I was reflecting on how the destruction of the original old-fashioned blogging world reflects the destruction of our culture in many ways.
Old-fashioned blogging was personal and individualized. Women decorated their blog templates to reflect their personality. They wrote about their family, hobbies, vacations, activities, books, recipes, ideas that mattered to them, etc. Simple pictures were included. When you read a woman’s blog, you felt that you got to know her as an individual.
Like most everything grassroots, populist, and generally good, corporations raced in to see how they could make money off this new phenomena. CEOs strategized ways to influence women to change what they were doing in order to follow the almighty dollar via the biggest currency of all, follower numbers.
Instead of a decentralized network of interesting people, everything quickly funneled through social media, Pinterest and Facebook in particular, but also Twitter.
Instead of writing for readers, bloggers wrote for corporate sponsors with increasingly restrictive expectations and demands.
Instead of a humble blog design that reflected a woman’s individuality, blog design expectations became standardized to the extent that today the majority of blogs/websites look so much alike you can barely tell them apart.
Certain subjects had to be dropped because they might be offensive. Instead of writing about a topic that was simply interesting for readers and meant something to the blogger, it had to have value for the search engines while at the same time not offending the search engines. So appeasing the almighty Google became another layer of slavery.
Pictures needed to be polished and professional. The blogger needed a professional headshot, preferably done in the golden hour and outside. Don’t forget the properly sized Pinterest image with requirements that change every 12-18 months! One also had to appease the almighty Pinterest gods or else all of your work would disappear from the Pinterest feed.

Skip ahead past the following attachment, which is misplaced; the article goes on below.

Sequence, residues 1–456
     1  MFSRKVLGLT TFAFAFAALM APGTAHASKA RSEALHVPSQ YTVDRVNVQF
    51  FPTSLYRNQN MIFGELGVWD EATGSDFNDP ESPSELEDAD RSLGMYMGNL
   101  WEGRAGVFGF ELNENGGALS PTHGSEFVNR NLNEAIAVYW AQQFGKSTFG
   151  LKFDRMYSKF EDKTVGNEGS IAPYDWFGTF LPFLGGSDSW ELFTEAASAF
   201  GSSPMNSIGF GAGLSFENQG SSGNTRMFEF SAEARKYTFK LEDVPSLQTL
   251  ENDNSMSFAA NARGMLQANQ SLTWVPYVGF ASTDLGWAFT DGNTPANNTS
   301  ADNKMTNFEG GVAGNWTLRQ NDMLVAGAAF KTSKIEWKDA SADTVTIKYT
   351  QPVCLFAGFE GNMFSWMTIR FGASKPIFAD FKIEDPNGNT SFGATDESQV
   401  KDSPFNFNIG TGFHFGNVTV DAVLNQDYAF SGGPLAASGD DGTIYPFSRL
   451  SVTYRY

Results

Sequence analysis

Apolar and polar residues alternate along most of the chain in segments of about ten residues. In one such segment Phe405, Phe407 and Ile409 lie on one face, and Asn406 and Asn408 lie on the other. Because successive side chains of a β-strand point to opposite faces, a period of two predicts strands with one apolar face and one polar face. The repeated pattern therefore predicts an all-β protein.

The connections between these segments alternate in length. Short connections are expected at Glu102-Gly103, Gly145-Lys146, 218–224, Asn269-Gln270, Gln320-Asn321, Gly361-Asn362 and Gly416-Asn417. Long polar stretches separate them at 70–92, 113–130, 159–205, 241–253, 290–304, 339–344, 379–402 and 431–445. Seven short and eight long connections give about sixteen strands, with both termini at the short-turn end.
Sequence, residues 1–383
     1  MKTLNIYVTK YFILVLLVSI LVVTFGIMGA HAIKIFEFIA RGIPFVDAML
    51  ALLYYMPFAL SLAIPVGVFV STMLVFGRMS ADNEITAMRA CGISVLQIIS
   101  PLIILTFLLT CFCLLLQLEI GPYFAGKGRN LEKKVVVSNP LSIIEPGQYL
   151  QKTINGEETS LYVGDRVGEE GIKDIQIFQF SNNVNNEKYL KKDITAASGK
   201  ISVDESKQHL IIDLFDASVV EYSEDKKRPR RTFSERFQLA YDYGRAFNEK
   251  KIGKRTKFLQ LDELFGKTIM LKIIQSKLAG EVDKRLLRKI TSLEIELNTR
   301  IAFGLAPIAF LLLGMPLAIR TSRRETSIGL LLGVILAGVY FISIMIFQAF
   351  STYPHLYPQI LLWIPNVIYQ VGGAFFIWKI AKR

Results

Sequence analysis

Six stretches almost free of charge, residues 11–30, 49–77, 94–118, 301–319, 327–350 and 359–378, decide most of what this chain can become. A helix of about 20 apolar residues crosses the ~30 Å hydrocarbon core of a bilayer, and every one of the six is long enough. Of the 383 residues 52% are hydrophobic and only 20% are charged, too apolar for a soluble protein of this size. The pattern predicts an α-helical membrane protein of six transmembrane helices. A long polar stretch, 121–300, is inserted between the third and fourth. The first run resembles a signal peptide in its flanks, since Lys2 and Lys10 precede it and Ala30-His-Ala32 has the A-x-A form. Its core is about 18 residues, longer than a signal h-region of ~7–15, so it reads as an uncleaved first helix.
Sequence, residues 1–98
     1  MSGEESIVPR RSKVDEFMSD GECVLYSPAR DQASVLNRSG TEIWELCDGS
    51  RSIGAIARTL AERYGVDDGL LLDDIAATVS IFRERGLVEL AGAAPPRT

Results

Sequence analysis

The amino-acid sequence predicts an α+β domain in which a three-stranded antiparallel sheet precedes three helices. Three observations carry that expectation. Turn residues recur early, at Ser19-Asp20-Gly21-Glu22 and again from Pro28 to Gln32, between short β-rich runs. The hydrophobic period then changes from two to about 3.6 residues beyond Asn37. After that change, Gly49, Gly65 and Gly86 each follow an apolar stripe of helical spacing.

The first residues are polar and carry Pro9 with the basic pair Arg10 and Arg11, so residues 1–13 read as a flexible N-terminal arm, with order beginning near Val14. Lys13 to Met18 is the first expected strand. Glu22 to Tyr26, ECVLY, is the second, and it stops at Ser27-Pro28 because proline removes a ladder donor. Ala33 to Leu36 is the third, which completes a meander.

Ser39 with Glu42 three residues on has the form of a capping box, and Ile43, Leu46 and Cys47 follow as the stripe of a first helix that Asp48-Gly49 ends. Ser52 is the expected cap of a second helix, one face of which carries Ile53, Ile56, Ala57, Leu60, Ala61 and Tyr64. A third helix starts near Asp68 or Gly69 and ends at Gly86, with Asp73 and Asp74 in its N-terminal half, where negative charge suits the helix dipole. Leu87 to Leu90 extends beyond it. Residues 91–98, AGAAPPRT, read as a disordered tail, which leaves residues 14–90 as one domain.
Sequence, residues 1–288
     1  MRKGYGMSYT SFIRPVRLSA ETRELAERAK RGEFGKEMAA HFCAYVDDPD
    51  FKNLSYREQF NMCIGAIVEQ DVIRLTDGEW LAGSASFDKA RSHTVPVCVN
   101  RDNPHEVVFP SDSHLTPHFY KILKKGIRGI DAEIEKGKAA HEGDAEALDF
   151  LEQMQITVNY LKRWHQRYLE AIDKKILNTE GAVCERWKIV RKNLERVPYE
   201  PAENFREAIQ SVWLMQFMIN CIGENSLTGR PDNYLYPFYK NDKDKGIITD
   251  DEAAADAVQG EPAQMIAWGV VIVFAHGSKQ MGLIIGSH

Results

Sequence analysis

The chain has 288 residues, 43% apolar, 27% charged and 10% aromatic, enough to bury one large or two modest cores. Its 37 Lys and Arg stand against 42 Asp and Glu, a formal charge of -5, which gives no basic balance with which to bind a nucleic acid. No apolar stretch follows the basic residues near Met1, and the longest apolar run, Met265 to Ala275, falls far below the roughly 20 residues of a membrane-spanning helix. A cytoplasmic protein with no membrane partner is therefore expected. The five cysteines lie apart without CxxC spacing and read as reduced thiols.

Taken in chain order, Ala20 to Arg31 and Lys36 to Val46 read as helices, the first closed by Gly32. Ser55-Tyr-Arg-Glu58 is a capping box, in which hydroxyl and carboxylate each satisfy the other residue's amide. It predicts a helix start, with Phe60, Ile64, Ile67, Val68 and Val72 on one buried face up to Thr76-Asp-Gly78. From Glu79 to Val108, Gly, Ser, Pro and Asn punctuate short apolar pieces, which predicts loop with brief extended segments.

An entire business ecosystem exploded that was based on nothing more than selling tools to effectively appease the corporate beasts who now pulled the levers of control. This ecosystem exists for no purpose other than to sell products and services to bloggers (that they really didn’t want) in order to attempt to somehow survive in an overwhelmingly rigged online culture that the business ecosystem itself created and forced onto the blogging world.
Ultimately women began spending much more time doing the “work” of blogging rather than simply writing interesting posts and connecting with readers.
Now we have blogging alternatives such as Instagram, Substack, and the like. All of them offer great promise and reach, but there is a price to pay. Instagram is owned by Meta and it is in many ways a repressive platform that extracts strict philosophical obedience from its users. Substack is perhaps the most promising in terms of freedom and reach, but it is depressingly standardized in appearance with almost no opportunity to create something visually beautiful. There is no uniqueness there like there is with an old-fashioned blog.
What does the future hold? As culture begins to shift at the end of the Fourth Turning and we move toward the First Turning, what will people create online? What will people want to read? Will video continue to dominate? How will the push for decentralization we are beginning to see emerge in our culture carry over into the online world? I don’t know. We’ll have to see what develops. I do know that most people are beyond fed up with the centralized control and manipulation of everything.
And to those old-fashioned bloggers who carry on and have managed to avoid getting sucked into the matrix, I salute you and thank you. Perhaps you will help lead our culture back to sanity and freedom.